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Improve your mobility. And your quality of life.1

Sacral insufficiency fractures (SIFs) are an often underdiagnosed condition in the elderly population, typically presenting with severe low back pain and resulting in immobility.

Risk factors for SIFs include:23

  • Osteoporosis (most common)
  • Radiation therapy
  • Neoplasm
  • Corticosteroid treatment
  • Other comorbidities

Procedure risks

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50% of women and 25% of men will have an osteoporotic fracture in their lifetime4

Why choose sacroplasty?

A 2019 analysis suggests that sacroplasty is safe and effective for the treatment of osteoporotic or malignant sacral fractures. Statistically significant improvements in pain scores have been observed up to 12 months.5 Benefits can include the following:

  • Pain relief561789
  • Increased mobility17
  • Improved quality of life9
  • Low complication rate6
  • Ability to return to previous levels of activity1
  • Outpatient procedure
  • No general anesthesia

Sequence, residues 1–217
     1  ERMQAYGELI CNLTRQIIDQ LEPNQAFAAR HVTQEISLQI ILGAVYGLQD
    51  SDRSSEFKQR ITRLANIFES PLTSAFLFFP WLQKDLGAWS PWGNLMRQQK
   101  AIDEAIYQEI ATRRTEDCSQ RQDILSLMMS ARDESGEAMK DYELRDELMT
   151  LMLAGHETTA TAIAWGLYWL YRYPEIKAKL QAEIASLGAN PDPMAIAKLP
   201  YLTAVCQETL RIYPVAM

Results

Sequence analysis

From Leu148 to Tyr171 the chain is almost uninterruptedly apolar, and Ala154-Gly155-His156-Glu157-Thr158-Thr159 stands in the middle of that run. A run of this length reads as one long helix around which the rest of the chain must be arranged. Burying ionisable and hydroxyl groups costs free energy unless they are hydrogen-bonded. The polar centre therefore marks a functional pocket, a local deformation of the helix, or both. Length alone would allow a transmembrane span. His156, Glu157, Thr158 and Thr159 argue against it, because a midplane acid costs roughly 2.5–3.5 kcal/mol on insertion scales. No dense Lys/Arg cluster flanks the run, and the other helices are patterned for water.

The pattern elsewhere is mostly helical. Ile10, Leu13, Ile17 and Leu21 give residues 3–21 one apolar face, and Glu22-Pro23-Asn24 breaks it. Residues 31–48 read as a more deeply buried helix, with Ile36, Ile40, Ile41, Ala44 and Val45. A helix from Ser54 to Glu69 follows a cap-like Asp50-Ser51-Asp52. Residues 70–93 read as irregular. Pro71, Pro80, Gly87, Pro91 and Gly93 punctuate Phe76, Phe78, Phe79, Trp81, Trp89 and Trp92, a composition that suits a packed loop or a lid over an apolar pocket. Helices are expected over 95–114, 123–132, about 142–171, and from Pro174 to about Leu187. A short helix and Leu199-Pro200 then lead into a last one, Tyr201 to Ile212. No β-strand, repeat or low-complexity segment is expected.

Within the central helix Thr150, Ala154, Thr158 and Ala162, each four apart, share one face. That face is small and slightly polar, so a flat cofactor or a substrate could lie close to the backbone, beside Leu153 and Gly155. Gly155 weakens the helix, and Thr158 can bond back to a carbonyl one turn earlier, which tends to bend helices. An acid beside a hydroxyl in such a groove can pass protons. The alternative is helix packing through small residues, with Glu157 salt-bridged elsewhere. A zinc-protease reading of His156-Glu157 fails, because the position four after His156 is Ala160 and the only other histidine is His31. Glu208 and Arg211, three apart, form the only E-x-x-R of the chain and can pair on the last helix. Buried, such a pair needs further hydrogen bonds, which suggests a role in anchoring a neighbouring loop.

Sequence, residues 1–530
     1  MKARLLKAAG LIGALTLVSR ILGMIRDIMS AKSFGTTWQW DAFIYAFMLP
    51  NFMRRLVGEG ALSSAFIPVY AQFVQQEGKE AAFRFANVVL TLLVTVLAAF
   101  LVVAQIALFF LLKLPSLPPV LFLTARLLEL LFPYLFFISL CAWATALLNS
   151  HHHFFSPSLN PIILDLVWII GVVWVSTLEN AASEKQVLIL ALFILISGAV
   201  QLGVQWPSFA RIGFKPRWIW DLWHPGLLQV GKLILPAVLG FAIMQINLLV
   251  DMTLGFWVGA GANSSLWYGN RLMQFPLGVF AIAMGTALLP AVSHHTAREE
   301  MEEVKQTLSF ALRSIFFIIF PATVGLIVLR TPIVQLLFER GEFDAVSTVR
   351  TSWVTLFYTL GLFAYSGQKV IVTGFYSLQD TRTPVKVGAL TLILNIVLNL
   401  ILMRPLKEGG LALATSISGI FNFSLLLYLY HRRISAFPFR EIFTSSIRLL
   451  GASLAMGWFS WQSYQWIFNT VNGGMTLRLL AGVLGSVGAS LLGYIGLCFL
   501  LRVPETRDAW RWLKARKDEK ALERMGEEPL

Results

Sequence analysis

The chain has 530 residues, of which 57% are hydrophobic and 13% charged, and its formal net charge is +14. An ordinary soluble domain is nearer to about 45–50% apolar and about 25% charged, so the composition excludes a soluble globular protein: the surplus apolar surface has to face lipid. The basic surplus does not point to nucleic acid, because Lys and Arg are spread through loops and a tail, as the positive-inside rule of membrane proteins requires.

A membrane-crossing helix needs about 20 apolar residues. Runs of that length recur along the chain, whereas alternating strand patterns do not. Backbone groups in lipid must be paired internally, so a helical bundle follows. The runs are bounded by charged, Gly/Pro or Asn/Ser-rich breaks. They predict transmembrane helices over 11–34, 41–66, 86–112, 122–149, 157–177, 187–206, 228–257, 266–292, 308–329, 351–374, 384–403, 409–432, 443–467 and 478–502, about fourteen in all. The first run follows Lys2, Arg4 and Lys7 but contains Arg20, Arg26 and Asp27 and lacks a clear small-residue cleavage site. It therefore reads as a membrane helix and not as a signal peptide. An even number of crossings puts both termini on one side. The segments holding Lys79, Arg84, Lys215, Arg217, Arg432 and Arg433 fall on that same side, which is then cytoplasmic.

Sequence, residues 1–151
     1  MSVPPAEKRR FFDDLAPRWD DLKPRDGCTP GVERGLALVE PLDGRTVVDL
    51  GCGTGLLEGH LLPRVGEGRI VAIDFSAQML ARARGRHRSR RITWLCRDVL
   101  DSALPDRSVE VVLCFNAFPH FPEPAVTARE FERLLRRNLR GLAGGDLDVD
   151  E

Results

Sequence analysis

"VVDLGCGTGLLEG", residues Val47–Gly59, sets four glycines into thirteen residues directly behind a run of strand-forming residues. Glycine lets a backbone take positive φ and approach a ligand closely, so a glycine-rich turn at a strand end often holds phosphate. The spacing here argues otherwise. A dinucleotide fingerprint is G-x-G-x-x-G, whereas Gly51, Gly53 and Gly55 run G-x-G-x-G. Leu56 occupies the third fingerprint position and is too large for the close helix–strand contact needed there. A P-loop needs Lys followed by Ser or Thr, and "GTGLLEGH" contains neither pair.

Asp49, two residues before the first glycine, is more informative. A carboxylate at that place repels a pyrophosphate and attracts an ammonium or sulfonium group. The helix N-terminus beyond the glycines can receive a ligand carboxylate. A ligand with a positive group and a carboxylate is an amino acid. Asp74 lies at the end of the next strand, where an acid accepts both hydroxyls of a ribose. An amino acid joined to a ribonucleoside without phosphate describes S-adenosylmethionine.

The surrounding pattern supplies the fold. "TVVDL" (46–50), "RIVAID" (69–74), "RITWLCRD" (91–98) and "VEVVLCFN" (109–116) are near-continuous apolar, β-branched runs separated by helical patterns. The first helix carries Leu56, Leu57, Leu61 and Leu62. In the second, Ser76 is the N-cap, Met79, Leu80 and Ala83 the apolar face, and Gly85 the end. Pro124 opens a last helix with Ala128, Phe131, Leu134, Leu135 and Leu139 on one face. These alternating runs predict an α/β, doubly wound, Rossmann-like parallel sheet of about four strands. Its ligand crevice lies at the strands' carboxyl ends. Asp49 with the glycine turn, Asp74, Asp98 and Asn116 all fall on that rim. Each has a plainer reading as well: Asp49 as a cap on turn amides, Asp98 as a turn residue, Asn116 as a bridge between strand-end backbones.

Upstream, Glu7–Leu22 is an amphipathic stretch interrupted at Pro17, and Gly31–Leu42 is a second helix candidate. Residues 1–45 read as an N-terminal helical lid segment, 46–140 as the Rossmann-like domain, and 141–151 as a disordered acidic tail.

Different SIF types

H-shaped fracture

Bilateral vertical sacral fracture

Unilateral vertical sacral fracture

Combined unilateral vertical and horizontal fractures

What to expect with sacroplasty

Before the procedure

Using x-ray guidance, one or more needles will be inserted into the sacrum through a small incision.

During the procedure

The sacrum is filled with bone cement to stabilize the fracture. As it hardens, the cement forms an internal cast that holds the sacrum in place. The incision will be covered with a bandage.

After the procedure

You will lie on your back for a short period of time while the cement continues to harden. Vital signs are monitored. Typically, you can go home within a few hours of treatment. If you notice any signs of wound infection, bleeding or hematoma, you should contact your healthcare provider immediately.